MISSISSAUGA, ON, Oct. 30, 2014 /CNW/ - Falls in the home present a significant safety concern for seniors in Canada. According to the report "Preventing Falls: From Evidence to Improvement in Canadian Health Care", released by Accreditation Canada, Canadian Institute of Health Information and the Canadian Patient Safety Institute (CPSI), falls experienced by seniors have a negative impact on their physical and psychological wellbeing, as well as their ability to safely stay in their homes with dignity, independence and quality of life.
The report states that more than one third of seniors receiving home care are at risk for falls. "With almost 800,000 seniors receiving publicly funded home care services in 2011, over 250,000 seniors are at risk of falls," said Jill Robbins, Canadian Home Care Association President "and this situation negatively impacts the individual and the health care system". Fifty percent of seniors admitted to hospital due to a fall, fell at home, according to data presented in the recent report. In addition to presenting statistics, the report also highlights a number of safety initiatives currently underway across the country, including a three year study examining the impact, cost effectiveness and sustainability of a falls prevention program for older adults receiving publicly funded home care.
The urgent issue of identifying, mitigating and managing risk in the home was reinforced by home care experts at a roundtable hosted by the Canadian Home Care Association (CHCA) in September 2013. "Preventing falls in the home setting is a priority for many home care programs across Canada," stated Nadine Henningsen, CHCA Executive Director, "the CHCA is working in partnership with CPSI and other stakeholders to address this important issue." Actions agreed to by the home care experts from across Canada include:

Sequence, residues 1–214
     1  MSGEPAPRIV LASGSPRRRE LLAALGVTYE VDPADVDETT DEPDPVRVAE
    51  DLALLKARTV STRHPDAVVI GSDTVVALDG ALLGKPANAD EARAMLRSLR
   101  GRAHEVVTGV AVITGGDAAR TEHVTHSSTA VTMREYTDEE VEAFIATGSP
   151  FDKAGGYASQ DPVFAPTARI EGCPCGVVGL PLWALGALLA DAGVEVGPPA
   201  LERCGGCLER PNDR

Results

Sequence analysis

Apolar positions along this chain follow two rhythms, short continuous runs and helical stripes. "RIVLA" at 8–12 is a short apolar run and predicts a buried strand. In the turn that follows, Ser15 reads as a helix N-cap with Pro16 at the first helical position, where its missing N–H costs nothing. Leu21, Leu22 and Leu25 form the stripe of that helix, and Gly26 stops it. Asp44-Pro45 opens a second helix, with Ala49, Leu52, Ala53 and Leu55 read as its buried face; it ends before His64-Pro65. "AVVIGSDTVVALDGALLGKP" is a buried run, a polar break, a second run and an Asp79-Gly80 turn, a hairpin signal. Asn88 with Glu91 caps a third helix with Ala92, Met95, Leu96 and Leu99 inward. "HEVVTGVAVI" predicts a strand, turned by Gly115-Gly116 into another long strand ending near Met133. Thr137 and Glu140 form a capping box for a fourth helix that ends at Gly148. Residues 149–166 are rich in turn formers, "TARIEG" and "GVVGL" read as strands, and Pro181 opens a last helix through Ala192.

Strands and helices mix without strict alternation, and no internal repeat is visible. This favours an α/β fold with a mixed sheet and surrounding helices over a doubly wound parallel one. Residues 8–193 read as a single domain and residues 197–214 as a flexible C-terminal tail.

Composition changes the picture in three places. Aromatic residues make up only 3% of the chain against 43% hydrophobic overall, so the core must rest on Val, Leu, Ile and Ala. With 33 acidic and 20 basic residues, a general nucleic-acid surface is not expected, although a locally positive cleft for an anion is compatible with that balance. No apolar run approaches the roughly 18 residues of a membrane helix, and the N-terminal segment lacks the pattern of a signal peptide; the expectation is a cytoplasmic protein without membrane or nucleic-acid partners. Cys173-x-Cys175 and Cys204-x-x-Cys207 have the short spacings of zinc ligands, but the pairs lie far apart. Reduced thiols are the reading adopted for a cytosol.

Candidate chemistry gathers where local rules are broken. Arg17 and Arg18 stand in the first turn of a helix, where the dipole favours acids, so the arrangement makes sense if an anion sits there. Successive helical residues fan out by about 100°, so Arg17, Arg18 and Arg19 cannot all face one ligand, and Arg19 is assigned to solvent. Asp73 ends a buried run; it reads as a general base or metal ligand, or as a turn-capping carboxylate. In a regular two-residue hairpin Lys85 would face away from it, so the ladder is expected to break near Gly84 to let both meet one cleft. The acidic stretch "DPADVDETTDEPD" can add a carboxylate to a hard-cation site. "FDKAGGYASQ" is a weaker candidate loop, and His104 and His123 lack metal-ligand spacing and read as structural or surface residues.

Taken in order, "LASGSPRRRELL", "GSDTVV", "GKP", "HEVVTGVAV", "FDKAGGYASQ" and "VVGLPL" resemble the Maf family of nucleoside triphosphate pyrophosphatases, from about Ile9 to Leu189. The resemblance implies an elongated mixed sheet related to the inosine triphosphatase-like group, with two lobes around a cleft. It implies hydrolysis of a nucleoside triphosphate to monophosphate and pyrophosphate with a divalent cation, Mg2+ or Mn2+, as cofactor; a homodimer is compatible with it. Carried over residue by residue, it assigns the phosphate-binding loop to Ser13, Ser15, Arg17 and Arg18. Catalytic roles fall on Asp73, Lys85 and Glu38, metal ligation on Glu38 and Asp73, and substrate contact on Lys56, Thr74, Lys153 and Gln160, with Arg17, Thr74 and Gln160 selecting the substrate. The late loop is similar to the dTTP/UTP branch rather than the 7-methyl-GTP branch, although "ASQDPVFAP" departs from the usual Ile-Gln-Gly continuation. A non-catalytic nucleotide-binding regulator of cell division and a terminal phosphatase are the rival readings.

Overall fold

- Engaging clients, their family caregivers and professional care providers in the delivery of safe care in unpredictable and inconsistent environments
- Increasing awareness and understanding of strategies and tools to identify and manage safety at home by clients, their family caregivers, frontline staff and organizational leaders
- Supporting integrated models of care that reinforce safe care for the client and family
The outcome of this work will reduce the burden of falls on the health care system and ensure that seniors can remain safely in their homes with dignity, independence and quality of life.
About the Canadian Home Care Association
The Canadian Home Care Association is a national not-for-profit membership association that advances excellence in home care and continuing care through leadership, awareness, advocacy and knowledge.
SOURCE: Canadian Home Care Association
For further information: Nadine Henningsen, Executive Director, Ph.: 289?290?4376, Email: [email protected], www.cdnhomecare.ca